IG Gurpreet Deo, a lady IPS officer of the Punjab Police, demonstrated unusual forthrightness and boldness on International Women’s Day in stating that the problem of sexual harassment within the force is serious. The matter would have passed without much notice had there not been a subsequent denial from the officer herself.
The turnaround, in fact, served to underscore the bravery of the first act of honest revelation. It proved just what she had said on the sidelines of a function in Ludhiana while talking to a small group of journalists: “Women [in the police] need to be made aware and given confidence so that they are able to lodge complaints…. The problem [in the department] is very widespread. If we shut our eyes, we may declare all is well. But as a woman police officer, I am aware of the problem of sexual harassment. Women constables as well as officers don’t have the confidence because they don’t trust their complaints would be redressed.”
Blaming the police for the behaviour of its personnel would be giving oneself an easy excuse to escape responsibility. The police, or any one social group, is never very different from society at large. And Punjab is passing through a particularly distasteful civilisational phase. A distinctly pointless existence is evident on the faces of youth in the state, even if they are not to blame for their circumstance. The awful lyrics of contemporary Punjabi music — wrongly ascribed to Punjabi culture — are now legend.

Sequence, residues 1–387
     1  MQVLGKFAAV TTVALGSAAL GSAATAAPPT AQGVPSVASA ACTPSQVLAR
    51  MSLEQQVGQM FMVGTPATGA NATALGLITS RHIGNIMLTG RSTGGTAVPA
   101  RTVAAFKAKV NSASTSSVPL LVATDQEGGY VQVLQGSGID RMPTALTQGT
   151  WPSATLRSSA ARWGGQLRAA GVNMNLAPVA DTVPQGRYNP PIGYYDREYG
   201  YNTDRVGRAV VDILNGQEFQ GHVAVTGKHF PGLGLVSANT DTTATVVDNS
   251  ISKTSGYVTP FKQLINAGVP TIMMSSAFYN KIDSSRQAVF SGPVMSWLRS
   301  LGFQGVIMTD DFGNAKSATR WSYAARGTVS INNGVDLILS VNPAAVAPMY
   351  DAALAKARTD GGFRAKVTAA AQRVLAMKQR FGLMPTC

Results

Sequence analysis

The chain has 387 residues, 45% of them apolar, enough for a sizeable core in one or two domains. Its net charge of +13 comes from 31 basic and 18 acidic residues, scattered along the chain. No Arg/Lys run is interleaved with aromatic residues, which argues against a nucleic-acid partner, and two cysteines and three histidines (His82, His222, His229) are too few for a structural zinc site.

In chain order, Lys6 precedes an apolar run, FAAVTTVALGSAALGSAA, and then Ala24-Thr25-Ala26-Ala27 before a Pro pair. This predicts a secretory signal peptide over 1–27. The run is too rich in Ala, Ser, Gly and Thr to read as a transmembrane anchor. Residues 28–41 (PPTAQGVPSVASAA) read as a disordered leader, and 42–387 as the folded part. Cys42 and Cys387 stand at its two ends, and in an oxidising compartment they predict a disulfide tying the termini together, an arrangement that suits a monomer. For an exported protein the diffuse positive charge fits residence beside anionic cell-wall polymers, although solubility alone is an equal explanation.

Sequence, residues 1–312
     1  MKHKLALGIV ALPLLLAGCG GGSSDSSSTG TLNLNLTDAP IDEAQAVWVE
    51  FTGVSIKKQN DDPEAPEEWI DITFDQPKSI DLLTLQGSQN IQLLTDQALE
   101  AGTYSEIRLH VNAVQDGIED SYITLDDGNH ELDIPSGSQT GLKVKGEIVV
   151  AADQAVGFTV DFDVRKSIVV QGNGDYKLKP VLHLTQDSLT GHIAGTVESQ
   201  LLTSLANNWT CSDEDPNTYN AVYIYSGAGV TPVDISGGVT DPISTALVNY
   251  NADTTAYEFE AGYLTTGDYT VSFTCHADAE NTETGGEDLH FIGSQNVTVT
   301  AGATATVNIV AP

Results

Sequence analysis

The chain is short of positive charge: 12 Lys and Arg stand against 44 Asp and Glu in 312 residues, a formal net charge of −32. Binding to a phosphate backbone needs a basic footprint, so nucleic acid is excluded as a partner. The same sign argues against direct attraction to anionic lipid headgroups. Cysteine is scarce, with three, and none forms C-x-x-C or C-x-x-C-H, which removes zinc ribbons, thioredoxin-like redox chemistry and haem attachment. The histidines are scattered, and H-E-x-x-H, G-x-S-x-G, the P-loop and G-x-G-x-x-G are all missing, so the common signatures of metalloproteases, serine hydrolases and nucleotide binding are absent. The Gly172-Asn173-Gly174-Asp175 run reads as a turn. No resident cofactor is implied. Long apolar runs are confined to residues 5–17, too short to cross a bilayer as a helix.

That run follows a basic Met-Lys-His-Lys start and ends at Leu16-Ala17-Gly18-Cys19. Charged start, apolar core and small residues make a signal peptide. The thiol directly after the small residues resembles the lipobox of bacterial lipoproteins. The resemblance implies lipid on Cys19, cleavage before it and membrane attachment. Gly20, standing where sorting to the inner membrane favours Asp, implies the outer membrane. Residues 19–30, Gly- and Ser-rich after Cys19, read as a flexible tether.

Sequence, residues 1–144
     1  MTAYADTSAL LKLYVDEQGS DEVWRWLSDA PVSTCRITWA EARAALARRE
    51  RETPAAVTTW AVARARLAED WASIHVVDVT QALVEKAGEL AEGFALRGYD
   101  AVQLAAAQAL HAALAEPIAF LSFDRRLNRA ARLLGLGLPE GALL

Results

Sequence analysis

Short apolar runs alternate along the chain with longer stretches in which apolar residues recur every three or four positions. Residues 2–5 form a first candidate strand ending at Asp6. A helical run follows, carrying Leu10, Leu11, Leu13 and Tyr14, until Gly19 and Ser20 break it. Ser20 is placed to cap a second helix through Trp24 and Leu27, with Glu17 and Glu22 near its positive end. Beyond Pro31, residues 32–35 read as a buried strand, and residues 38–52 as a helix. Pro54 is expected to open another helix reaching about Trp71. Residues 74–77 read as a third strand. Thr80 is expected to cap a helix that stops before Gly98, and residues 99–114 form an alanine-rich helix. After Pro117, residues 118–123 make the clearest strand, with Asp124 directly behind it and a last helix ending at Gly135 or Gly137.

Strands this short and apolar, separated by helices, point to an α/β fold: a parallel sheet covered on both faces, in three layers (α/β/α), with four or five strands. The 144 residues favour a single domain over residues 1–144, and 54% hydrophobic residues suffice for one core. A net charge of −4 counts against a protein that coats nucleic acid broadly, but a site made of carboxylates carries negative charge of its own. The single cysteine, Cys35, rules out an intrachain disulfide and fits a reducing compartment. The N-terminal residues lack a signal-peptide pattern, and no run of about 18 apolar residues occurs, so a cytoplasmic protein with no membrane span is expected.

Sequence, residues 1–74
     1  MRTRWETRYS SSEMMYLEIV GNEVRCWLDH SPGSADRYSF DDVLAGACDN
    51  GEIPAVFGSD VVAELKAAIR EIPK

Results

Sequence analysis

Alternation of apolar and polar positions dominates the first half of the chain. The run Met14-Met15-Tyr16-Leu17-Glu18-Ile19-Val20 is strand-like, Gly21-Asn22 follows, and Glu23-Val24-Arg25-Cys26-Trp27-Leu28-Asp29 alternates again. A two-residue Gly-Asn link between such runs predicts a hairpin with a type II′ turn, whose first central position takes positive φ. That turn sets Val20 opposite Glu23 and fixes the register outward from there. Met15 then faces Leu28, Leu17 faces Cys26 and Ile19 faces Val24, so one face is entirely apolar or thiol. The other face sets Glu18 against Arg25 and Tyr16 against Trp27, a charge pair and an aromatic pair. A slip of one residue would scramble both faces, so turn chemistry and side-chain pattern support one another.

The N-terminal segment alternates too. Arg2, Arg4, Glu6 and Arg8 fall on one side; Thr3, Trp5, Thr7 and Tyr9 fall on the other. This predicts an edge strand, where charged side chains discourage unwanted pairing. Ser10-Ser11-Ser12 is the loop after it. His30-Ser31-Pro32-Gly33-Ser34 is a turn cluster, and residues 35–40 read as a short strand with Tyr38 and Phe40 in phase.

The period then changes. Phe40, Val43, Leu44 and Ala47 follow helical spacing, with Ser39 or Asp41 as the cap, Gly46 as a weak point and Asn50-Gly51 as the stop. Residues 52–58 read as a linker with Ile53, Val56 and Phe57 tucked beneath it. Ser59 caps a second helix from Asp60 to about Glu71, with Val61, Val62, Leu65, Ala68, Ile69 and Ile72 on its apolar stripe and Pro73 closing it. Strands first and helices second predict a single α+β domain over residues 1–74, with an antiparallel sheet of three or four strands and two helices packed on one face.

What the police need to work on is a robust internal grievance redress mechanism, which is needed equally for women and men. Currently the reflex action in the service is to deny a problem. As has been highlighted earlier, suicides in the force — a consequence of stress, alcoholism, corruption, et al — are passed off as accidental gunshots. That only causes the problems to fester and grow.